In the high yield portion of our portfolios, we will be likewise shortening our bond ladders both for this reason, as well as because of potential price risk if recession fears increase.
Overall this is NOT a big move, but we believe it will be a bit safer, as well as hopefully earn a bit more on the fixed income portion of our portfolio once this weird pricing corrects.
As always, please don’t hesitate to contact us with any specific questions or concerns you may have.
Dear clients and friends,
The stock market was shaken by an indicator called a yield curve inversion. What this means is that 2 year government bonds were paying a higher interest rate than 10 year bonds. This is unusual and fundamentally shouldn’t be. The theory is that there is more demand for long term bonds because of perceived short term weakness in the economy. This makes the price of the long term bonds go up, and therefore the yield go down.
The reason the market is concerned by this is that there is a high correlation between this indicator and a coming recession. This indicator does not have a 100% track record, however, and the coming recession that it has predicted in the past has taken as long as 2 years or more to come to pass. Historically, after one of these signals, the market drops about 5% and on average rallies about 17% after that, before falling due to recession. To me, that reads as if this is a bullish indicator at least in the medium term.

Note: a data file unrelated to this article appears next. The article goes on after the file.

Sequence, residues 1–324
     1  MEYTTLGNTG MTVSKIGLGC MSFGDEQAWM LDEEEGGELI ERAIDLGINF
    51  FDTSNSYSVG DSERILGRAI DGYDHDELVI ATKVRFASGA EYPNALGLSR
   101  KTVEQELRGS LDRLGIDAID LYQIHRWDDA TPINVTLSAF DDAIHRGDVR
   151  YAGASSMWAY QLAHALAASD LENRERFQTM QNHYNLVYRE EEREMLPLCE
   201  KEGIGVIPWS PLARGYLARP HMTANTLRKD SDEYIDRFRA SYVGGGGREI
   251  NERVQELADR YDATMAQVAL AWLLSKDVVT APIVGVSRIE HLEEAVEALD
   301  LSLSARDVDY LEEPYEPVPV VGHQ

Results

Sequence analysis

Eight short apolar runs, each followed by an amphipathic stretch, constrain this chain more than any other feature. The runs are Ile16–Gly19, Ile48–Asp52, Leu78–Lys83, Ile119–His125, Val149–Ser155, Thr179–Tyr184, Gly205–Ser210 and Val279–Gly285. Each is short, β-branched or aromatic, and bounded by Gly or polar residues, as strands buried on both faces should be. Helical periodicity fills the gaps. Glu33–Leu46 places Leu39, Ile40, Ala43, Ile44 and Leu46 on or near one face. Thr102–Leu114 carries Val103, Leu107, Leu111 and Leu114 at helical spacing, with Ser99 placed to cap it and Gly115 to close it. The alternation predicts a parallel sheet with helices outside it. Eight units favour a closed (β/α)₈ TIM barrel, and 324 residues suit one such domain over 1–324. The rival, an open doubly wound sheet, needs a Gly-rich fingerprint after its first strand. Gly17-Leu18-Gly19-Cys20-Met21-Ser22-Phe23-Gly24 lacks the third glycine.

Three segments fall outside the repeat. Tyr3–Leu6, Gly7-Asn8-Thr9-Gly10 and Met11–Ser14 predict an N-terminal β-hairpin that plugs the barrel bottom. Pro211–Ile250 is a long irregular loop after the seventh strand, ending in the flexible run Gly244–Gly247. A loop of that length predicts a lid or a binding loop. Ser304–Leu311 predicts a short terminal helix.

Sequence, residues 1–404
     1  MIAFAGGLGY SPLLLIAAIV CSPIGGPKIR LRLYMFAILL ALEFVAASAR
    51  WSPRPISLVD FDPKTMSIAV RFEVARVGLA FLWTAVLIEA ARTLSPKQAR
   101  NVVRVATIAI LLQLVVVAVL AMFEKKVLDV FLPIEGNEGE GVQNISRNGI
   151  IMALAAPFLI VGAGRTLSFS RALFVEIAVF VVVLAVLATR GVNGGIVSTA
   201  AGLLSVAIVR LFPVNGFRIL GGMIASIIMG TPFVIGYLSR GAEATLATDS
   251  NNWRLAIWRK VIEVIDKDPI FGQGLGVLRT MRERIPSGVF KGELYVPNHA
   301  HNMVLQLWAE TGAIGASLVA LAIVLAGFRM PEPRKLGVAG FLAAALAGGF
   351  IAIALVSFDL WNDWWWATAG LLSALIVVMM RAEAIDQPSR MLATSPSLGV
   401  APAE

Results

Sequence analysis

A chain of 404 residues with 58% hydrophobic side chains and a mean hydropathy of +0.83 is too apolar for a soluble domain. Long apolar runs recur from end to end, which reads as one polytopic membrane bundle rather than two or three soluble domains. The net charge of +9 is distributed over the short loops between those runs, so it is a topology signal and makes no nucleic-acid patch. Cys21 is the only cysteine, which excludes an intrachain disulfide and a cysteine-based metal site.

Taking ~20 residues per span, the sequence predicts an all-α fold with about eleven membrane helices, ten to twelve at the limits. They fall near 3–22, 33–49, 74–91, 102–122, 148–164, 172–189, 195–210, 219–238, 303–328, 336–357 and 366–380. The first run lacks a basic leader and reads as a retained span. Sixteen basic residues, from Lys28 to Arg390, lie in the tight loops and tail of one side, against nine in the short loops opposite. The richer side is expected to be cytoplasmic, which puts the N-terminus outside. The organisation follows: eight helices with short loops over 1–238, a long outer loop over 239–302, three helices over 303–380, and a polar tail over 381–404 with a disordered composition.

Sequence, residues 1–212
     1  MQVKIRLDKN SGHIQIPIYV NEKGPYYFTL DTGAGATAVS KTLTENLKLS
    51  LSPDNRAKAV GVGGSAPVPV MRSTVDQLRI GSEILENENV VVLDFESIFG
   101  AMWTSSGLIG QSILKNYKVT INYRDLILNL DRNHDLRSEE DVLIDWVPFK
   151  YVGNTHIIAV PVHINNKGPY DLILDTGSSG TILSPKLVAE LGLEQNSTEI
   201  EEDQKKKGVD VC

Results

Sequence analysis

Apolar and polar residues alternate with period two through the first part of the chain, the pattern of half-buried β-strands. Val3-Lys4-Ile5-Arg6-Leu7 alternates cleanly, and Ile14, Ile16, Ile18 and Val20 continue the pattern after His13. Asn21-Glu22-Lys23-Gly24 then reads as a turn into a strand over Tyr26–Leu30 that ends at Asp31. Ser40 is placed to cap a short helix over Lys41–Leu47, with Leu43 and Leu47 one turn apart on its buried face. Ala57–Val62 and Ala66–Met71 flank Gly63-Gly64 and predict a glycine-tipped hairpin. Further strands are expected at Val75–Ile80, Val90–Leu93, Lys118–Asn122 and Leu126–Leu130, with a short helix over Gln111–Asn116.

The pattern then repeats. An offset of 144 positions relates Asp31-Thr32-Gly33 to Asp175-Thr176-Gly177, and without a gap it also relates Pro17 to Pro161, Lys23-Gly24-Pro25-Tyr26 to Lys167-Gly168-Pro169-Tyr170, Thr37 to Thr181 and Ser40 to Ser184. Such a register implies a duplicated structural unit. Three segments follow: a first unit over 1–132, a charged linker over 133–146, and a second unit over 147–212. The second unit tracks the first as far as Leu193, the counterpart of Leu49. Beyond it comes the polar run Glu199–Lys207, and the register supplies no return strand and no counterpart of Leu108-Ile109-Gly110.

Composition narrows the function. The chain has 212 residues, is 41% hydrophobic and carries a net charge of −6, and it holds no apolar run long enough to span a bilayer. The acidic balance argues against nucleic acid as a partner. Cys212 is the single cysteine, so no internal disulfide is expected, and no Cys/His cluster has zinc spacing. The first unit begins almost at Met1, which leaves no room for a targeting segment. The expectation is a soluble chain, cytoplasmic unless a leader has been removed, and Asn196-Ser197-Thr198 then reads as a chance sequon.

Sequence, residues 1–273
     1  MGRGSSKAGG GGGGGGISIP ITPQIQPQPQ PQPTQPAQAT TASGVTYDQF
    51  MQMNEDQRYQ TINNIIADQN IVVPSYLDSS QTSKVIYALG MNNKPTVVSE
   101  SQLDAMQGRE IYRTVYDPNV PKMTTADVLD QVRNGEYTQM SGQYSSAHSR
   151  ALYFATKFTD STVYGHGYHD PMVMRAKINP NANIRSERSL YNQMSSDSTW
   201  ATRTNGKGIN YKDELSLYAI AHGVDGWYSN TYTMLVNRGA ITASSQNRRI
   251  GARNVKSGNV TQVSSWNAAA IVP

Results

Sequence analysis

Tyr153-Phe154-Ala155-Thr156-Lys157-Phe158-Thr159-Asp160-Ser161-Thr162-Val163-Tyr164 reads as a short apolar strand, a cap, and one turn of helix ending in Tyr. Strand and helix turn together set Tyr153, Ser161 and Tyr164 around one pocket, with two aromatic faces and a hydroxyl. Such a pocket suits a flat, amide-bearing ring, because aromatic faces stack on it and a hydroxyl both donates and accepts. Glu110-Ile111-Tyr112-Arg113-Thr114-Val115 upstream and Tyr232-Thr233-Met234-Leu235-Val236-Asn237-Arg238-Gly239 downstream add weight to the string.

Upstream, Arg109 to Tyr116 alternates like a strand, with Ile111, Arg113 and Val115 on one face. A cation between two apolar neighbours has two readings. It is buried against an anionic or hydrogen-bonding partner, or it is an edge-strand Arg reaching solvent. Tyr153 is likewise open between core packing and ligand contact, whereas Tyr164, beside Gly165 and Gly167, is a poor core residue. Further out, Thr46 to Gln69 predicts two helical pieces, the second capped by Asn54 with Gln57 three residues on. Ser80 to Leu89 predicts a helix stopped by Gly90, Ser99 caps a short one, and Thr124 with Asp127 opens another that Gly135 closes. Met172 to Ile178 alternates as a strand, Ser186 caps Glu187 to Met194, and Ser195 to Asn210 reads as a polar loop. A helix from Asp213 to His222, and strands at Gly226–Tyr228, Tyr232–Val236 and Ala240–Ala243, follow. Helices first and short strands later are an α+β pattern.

Another point to take into consideration is that the Fed is playing a huge role in artificially controlling interest rates. This makes any indicator based on these rates suspect.
Our plan at the moment is to wait and see how the market reacts until there’s a larger overall move. There have been some big days, but the overall move from the peak isn’t that big in terms of percentage points. If the drop continues, we intend to purchase more stocks, and keep a close eye on profits to see if a recession actually is looming. On the bond side, our bonds have gone up in value, so we will start leaning more towards the short end of our bond ladder and when interest rates climb once again, we will once again go longer.
As always, please don’t hesitate to contact us with any specific concerns or questions.